Parents are usually happy to have the children back, too, especially if they see that they are actively saving money for their future, to save for a wedding, for a down payment on a home, or to start a business. A Sun Herald Family Survey in 2004 found that 83% of parents did not want their children to leave home before they were 21; about half the adult children living at home were students and the other half were working; 44% contributed to the household income; and 80% helped out with the housework. (Sunday Herald Sun, 27/6/04, p.14).
The New York based Families and Work Institute researchers were surprised to find that 25% of employed parents had children from 18 to 29 years old living at home with them at least half of the time. They also observed that families with middle and higher incomes were more likely to have children at home than were lower income households.
It appears that there is no longer an assumption about a clear-cut departure age. Demographers suggest that there needs to be a new life stage assigned to those between 18 to 25 who are past adolescence but not yet mature enough to be taking on the social and economic roles of adulthood. Many in this age group are delaying the usual stages of adulthood by going to university longer, marrying later, and having children later in life than earlier generations did.
This change of life pattern has affected the relationships between the parent and child generations, but researchers report that they get along very well. Today’s older adults are more accepting and more like friends than earlier generations were. In general it has been found that the parents liked having their adult children around. And, as one mother quipped, “They can live with me now, as long as I can live with them later!”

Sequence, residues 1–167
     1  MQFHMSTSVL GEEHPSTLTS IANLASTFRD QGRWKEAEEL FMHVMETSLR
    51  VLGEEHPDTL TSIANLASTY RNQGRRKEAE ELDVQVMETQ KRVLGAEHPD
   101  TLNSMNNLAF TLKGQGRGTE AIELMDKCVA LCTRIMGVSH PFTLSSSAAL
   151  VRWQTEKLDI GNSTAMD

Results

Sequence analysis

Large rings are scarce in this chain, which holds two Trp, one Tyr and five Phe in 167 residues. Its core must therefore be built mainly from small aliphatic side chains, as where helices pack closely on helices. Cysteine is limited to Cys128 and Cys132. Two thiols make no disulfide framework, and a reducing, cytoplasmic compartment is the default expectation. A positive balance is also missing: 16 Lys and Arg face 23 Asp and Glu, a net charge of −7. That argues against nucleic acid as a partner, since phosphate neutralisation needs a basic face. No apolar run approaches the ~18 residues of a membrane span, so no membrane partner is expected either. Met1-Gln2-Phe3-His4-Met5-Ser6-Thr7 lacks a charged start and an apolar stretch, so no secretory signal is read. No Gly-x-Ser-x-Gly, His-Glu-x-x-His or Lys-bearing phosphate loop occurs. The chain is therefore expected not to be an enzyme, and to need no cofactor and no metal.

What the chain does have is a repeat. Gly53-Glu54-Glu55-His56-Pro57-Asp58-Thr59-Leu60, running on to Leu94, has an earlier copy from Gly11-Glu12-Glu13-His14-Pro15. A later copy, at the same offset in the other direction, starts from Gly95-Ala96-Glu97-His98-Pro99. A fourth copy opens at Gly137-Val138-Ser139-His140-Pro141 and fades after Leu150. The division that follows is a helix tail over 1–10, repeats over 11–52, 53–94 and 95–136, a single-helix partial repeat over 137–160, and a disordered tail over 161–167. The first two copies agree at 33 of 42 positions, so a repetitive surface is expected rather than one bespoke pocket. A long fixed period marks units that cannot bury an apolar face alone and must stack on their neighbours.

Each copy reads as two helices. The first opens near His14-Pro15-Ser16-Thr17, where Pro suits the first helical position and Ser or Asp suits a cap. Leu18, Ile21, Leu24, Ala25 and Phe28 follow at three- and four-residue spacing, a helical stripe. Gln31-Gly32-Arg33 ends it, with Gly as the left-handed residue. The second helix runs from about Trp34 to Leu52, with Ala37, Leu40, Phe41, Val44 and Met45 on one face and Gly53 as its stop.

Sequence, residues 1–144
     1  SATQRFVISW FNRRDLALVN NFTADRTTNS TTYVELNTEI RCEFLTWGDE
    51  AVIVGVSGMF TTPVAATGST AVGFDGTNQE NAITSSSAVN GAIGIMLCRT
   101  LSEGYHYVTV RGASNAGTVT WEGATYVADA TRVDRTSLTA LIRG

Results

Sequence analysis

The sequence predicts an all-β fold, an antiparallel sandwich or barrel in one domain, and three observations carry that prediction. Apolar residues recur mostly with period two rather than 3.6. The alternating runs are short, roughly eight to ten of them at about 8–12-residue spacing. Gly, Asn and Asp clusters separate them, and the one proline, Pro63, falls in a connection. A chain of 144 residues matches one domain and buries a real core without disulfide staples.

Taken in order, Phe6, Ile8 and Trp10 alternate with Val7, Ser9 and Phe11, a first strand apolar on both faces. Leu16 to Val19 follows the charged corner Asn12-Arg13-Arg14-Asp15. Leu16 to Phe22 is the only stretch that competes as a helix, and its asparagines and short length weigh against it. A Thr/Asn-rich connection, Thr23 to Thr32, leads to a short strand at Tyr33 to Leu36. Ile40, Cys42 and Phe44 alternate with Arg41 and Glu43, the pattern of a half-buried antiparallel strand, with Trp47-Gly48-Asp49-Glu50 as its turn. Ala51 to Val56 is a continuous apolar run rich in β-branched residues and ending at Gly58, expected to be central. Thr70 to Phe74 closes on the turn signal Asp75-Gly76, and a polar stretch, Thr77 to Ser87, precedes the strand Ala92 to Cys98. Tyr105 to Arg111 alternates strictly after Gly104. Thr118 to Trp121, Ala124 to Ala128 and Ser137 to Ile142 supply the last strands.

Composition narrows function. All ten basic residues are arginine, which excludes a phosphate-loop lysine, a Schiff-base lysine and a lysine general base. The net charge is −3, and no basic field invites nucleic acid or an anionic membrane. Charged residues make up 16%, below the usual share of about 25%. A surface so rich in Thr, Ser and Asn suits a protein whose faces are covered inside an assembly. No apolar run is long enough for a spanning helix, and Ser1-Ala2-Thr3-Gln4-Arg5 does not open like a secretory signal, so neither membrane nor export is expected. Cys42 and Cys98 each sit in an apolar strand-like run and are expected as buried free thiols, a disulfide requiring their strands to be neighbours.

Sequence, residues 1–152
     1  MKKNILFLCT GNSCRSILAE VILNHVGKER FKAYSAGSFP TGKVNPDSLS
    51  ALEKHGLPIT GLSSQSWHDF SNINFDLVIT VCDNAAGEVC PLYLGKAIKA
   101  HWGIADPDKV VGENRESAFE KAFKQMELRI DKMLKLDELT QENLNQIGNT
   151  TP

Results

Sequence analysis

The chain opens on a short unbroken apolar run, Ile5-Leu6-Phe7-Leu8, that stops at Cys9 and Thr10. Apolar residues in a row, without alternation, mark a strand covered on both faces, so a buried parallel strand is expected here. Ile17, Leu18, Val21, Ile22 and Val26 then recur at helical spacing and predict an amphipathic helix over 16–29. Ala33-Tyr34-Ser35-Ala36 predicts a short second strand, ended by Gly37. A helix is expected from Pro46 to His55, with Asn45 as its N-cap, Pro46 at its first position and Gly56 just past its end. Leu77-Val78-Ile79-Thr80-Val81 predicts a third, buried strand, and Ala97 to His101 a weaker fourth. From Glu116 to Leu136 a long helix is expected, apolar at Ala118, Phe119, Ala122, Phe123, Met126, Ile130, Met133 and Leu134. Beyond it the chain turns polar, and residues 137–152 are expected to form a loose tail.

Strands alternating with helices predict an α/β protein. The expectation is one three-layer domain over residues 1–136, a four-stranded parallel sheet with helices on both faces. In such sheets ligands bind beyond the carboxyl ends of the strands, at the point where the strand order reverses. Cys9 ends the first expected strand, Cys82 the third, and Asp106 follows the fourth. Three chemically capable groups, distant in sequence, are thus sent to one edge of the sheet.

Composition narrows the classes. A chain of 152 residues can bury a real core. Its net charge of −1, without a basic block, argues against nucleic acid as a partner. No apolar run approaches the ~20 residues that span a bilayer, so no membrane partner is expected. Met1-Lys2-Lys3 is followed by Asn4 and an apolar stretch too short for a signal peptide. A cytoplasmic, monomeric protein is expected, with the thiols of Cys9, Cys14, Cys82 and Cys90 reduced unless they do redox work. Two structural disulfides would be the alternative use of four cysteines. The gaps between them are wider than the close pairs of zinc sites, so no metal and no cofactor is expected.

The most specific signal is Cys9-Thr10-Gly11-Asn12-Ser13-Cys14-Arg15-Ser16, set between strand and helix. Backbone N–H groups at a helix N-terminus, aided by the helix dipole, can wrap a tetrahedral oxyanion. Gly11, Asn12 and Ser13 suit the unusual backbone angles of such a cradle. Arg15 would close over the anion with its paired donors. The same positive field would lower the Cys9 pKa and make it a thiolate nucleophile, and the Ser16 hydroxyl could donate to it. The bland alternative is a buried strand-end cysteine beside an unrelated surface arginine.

1. HOW PARENTS SHOULD ACT WITH A NEVER EMPTY NEST.
Long before the nest is empty, it is important to consider how parents and older children should relate when the nest is never empty. There is a stage in a family’s life when children dominate the household by their presence, their conversation, their music and with their friends. Many a time when our home was bursting at the seams and silence was a mystery yet to be discovered, I said to my wife: “Remember, these are the days we will say were the happiest of our lives!”
Those days of the never-empty nest, are days when many families fall apart, when strains are at their greatest and when tolerance gives way and something snaps. We really have to learn how to get on when the fledglings are crowding the nest, making a mess and always calling out to be fed. And the older the fledglings, frequently the greater the difficulty.
What has not been very much explored is how parents see their role in relation to older children living with them. What parts, if any, do they retain of “being a parent”? What happens to various elements of the parental role, such as support, guidance, control? How easy or difficult is it to shift to a non-parenting role while their offspring still live at home?
Answers to these questions depend on many factors, including the expectations of both parents and their offspring. A large proportion of the parents of today’s young adults married young, and left home to marry or for work or education; relatively few of them left to be independent; when they left school, they faced a relatively stable economy and most were assured of a job.
Most did not expect their young adult children to be living at home well into their twenties. Nor did they expect them to be facing a future where employment and the long-term stability of personal relationships are surrounded by uncertainty. Parents are having to adjust. Their own experience of growing up, and how their parents “parented” them as young adults is not always an appropriate guide.